This story was originally published in 2016. It has been updated following the 2020 election.
As the White House continues the fight the outcome of the presidential election, a letter President George H.W. Bush penned to his successor in 1993 as he left the Oval Office is making the rounds as an example of grace in defeat.
On TODAY with Hoda & Jenna Monday, Jenna Bush Hager reflected on the note written by her grandfather to then President-elect Bill Clinton, saying the elder Bush wrote it out of "a love and respect for our country."
"No matter who you voted for, it's not about that," Jenna said. "It's not about the political parties or the one man that sits at that office."
Here’s how it’s done in America. This is the gracious letter George H.W. Bush left for Bill in the Oval Office on the day of Bill's inauguration. "Your success now is our country's success," President Bush wrote. "I am rooting hard for you." Since the very beginning, American presidents have accepted the will of the people and participated in a peaceful transfer of power. That's what makes our democracy so unique, and so enduring.
A post shared by Hillary Clinton (@hillaryclinton) on Nov 10, 2020 at 7:51am PST
On Tuesday, former first lady and 2016 Democratic presidential nominee Hillary Clinton shared the note on Instagram, saying, "Here's how it's done in America."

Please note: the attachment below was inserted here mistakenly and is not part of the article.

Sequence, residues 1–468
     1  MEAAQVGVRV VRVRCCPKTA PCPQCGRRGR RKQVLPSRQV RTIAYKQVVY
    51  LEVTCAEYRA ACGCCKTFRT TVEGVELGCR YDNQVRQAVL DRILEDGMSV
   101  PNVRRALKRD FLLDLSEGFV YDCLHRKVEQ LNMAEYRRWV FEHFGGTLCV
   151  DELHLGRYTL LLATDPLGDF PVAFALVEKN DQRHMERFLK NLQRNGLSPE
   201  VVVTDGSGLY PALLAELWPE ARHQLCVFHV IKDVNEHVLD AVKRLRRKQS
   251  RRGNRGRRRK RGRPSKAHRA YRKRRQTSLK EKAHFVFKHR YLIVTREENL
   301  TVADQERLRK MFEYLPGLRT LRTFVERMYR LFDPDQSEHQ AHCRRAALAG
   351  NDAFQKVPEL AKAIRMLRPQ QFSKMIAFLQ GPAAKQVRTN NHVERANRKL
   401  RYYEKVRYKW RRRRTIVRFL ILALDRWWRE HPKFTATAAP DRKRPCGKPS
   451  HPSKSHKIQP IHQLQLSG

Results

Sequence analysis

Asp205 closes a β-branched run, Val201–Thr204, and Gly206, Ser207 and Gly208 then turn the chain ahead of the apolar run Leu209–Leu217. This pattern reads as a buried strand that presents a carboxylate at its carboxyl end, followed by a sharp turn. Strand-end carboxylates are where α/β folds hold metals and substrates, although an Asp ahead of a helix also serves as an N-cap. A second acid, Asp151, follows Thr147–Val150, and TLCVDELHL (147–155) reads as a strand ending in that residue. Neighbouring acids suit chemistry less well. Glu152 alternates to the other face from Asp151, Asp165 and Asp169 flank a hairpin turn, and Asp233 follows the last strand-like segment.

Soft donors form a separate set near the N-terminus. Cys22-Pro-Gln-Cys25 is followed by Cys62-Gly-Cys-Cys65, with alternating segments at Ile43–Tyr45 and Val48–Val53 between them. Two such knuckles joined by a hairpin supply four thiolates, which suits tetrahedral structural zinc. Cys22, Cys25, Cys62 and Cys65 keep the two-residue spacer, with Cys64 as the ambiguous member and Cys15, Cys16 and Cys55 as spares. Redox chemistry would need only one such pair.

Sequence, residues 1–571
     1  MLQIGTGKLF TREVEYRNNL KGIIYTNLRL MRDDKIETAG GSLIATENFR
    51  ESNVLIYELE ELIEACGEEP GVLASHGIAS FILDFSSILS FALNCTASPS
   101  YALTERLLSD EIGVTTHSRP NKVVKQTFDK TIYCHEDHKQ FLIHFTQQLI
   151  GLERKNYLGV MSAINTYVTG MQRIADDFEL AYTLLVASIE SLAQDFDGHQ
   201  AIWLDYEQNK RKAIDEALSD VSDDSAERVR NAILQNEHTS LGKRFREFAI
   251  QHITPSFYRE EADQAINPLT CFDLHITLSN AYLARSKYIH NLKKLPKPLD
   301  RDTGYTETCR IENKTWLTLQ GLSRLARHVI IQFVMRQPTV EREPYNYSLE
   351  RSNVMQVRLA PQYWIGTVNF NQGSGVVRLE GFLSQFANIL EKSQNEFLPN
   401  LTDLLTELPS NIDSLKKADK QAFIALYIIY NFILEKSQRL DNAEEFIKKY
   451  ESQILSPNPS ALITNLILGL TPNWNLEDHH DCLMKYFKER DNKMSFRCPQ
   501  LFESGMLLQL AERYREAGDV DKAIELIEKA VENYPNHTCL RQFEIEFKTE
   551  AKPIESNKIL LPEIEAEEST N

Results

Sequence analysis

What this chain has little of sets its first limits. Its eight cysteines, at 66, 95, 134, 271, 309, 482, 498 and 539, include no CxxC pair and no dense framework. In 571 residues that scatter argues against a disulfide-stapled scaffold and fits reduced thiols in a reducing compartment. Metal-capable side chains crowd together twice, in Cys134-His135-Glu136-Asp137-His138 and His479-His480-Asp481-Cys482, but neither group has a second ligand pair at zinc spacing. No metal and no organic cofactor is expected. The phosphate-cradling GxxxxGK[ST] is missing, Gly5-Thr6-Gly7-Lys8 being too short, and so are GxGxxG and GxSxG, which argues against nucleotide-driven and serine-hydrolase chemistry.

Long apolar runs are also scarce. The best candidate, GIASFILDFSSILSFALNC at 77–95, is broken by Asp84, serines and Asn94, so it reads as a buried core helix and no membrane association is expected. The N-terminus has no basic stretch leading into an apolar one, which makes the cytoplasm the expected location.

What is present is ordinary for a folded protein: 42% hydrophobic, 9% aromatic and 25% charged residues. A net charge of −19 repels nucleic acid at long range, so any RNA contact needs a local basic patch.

The handwritten Inauguration Day letter wished “great happiness” to Bill Clinton, who defeated Bush in a crushing 1992 re-election bid.
"When I walked into this office just now I felt the same sense of wonder and respect that I felt four years ago," Bush wrote. "I know you will feel that, too."
The outgoing president also offered encouragement and some advice for dealing with critics, saying there will be "very tough times" ahead, "made even more difficult by criticism you may not think is fair.
"I'm not a very good one to give advice; but just don't let the critics discourage you or push you off course."
“Your success now is our country’s success. I am rooting hard for you,” Bush concluded.
Presidents writing letters to their successors and leaving them in the Oval Office on Inauguration Day is a White House ritual. George W. Bush left one for President Obama in 2009.
Ronald Reagan, in his note to the elder Bush, his vice president, famously counseled, "Don't let the turkeys get you down."
According to Jenna, the letter was the beginning of a bipartisan friendship between the two former presidents.
"The joke is everybody's family has a black sheep, and President Clinton is our black sheep," Jenna said, laughing. "(My grandfather) was a like surrogate father for him."